Our daily digest is a mid-day update on the stories we’re following in Texas politics today. Here’s what we’re watching:


Bathroom Bill:

It’s considered the most controversial item on the special session agenda, and today, the Texas Senate has been debating the so-called “bathroom bill” for hours. The measure would limit where transgender people can use the restroom in the state. 

Democrats tried to derail the bill before debate even began. Sen. Kirk Watson. D-Austin, raised a point of order, arguing the bill isn’t relevant to the special session call. That’s because this version of the bathroom bill has a provision keeping gender separation in sports. 

Lt. Governor Dan Patrick eventually overturned the point of order, which was upheld by a Senate vote, and debate on the bill carried on. 

Many of the arguments today are similar to the ones discussed during the regular session. Sen. Lois Kolkhorst, R-Brenham, and other supporters say it’s meant to protect against voyeurism and sexual predators — ensuring people use the restroom on their birth certificate. 

“it is about the privacy and protection of our small children and our young girls and women,” Kolkhorst said during debate.

But opponents say it could lead to violence against transgender people and could “out” transgender school children.

“We are proposing a measure here that would allow schools to cause bullying,” Sen. Jose Rodriguez, D-El Paso, said.  

The issue has brought hundreds to the Capitol to speak out against it. Today that growing group included police officers. Hear why many law enforcement officials say this bill won’t make Texans safer tonight at 7.


House Passes Sunset Bill:

The Texas House has given final approval to an agency oversight bill that forced lawmakers into overtime. It extends the lives of the Texas Medical Board and other agencies that were set to expire in September if lawmakers didn’t act.

The Senate quickly passed its own version during a late-night session last week.

Lt. Gov. Dan Patrick let the typically routine bill die during the regular session in order to force the governor to call lawmakers back to tackle a host of conservative priorities.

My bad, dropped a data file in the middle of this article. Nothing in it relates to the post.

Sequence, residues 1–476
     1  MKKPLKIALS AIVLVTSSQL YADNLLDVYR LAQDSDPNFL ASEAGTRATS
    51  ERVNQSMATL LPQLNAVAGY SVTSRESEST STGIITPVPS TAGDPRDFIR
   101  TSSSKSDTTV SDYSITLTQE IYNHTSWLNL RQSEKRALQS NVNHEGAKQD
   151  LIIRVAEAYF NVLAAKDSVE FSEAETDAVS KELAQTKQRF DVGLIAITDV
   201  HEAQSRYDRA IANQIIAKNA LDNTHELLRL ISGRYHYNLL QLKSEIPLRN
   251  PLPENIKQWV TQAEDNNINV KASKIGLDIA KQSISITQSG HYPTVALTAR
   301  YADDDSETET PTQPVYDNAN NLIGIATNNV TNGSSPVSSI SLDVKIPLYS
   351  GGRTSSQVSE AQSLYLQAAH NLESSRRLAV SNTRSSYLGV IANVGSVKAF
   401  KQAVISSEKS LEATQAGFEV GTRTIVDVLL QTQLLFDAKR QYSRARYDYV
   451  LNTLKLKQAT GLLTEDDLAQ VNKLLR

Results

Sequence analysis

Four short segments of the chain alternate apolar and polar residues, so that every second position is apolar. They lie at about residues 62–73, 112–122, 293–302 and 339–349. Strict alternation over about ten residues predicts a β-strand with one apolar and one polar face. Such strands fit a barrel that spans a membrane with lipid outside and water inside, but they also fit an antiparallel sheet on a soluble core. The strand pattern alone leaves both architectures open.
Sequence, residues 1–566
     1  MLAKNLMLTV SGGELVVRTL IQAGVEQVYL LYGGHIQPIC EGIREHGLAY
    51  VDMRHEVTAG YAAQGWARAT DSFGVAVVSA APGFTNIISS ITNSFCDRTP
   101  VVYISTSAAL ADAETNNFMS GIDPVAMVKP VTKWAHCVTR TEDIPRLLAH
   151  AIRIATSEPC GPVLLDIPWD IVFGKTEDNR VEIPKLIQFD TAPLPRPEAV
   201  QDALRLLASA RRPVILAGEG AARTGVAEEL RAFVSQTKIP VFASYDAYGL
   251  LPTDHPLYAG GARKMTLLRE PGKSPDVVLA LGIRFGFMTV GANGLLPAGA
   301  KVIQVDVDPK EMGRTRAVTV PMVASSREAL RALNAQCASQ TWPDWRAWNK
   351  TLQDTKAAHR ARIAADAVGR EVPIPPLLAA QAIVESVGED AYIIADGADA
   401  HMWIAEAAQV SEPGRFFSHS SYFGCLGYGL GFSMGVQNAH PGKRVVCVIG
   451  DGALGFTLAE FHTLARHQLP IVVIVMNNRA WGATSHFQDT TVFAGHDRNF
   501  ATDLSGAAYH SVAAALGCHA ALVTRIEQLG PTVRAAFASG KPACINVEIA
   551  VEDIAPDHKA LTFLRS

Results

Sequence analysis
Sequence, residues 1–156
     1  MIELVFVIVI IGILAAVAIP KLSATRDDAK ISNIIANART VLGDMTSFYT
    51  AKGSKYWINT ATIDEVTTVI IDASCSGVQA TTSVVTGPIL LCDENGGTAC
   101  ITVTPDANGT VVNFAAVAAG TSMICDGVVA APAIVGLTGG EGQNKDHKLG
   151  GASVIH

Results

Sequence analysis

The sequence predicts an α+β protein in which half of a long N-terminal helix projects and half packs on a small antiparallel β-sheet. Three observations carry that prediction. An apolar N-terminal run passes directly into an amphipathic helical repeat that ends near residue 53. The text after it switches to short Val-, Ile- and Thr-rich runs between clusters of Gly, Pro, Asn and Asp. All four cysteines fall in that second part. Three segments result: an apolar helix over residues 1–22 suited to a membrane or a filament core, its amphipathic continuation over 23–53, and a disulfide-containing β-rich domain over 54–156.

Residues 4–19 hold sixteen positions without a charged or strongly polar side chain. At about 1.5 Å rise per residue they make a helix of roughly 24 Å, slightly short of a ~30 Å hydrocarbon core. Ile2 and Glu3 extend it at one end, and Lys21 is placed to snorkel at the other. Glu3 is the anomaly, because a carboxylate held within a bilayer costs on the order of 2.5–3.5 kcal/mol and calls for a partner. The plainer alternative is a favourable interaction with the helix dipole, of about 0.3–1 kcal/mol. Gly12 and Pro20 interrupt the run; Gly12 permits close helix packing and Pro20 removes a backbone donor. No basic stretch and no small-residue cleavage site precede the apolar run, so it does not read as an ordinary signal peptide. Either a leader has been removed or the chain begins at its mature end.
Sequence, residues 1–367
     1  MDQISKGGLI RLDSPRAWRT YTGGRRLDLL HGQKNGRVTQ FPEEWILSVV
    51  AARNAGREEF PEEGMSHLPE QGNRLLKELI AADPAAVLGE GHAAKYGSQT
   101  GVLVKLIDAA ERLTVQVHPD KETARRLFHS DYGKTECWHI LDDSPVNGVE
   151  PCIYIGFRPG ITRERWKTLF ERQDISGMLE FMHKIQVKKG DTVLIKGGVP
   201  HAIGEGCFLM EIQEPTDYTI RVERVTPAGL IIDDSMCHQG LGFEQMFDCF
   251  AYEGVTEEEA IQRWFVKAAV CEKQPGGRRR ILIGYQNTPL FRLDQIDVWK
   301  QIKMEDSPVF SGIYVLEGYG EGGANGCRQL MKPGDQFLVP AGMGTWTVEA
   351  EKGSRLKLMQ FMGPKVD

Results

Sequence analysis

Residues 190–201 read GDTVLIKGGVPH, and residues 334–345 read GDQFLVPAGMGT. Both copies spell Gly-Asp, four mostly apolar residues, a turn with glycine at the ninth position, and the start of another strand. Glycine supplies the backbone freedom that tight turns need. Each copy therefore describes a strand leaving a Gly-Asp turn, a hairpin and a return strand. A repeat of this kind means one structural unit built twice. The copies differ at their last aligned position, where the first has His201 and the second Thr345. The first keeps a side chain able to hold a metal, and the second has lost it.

Medicaid Therapy Rate Cuts:

A House panel voted unanimously today to restore funding to the Medicaid therapy rate cuts that went into effect in December. In 2015, lawmakers voted to slash $350 million to Medicaid children’s therapy services. House Speaker Joe Straus, R-San Antonio, vowed to restore the cuts during the regular session but efforts with the Senate failed. Lawmakers decided to mostly maintain the cuts.

So, House members have revived the debate and are trying to reverse the cuts yet again. It’s a long shot, since it’s not on Gov. Greg Abbott’s 20-item special session agenda.

Still, parents of affected children are hopeful. Hear from them at 7pm.


School Finance:

A plan to pump nearly two billion dollars into Texas public schools has been approved by a House panel. A big part of the bill would increase per-student funding by about $200. That would help reduce recapture payments that property-wealthy school districts pay to the state – to be redistributed to property poor ones. House members tried to pass a similar measure in the regular session — but the proposal died after the Senate tacked on a voucher amendment to the bill.

At 7, House Public Education Chairman Dan Huberty joins us to discuss the legislation, the House’s continued opposition to vouchers and what he thinks will actually pass this special session.


Repealing Obamacare:

Sen. John McCain got a standing ovation before casting a key health care vote. He voted to move ahead on repealing the Obama health law.

McCain’s battling brain cancer and returned to the Capitol for the first time since his diagnosis.

Our Washington reporter will have the latest on the health care vote and what comes next.


Capital Tonight airs weeknights at 7pm.


Posted by Karina Kling